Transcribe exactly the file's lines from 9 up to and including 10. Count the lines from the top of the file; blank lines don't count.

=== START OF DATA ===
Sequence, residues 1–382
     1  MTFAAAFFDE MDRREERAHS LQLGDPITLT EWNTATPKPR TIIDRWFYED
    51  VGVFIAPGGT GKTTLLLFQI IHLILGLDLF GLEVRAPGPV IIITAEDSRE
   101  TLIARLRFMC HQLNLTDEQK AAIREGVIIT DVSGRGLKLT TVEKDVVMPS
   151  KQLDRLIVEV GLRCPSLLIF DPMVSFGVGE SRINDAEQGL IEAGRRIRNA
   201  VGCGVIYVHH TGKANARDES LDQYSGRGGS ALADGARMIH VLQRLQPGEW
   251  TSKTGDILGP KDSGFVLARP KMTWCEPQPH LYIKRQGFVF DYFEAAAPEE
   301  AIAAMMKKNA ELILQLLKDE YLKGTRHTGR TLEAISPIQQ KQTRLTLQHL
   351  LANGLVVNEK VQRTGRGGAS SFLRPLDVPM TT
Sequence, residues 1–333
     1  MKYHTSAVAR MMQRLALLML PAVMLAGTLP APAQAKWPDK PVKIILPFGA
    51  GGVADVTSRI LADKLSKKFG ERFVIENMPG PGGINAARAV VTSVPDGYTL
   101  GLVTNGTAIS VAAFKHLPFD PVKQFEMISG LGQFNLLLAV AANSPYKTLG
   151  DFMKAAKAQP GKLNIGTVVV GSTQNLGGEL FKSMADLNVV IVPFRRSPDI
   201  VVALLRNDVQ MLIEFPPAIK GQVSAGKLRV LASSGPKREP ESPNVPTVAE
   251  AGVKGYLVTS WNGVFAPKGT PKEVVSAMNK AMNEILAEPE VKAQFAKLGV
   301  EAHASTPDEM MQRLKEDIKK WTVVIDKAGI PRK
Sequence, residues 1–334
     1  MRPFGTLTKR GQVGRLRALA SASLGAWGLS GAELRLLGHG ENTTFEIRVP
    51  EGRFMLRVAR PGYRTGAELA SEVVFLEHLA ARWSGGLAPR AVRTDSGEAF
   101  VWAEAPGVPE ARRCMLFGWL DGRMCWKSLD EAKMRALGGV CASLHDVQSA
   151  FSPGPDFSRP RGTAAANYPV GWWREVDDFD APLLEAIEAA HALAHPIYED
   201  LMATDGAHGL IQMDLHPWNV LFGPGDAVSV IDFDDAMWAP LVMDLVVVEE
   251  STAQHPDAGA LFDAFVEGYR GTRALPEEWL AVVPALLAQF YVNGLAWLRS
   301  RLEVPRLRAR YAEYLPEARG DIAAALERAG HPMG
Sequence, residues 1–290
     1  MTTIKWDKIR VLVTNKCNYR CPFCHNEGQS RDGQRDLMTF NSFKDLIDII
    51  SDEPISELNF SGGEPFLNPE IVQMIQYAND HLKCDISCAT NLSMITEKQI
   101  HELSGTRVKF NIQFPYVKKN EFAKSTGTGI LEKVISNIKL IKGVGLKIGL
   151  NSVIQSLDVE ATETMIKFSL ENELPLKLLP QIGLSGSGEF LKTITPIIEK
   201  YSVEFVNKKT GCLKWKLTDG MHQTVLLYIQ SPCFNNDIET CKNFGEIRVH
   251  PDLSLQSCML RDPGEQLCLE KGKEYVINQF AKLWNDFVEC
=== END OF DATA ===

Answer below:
   351  LANGLVVNEK VQRTGRGGAS SFLRPLDVPM TT
Sequence, residues 1–333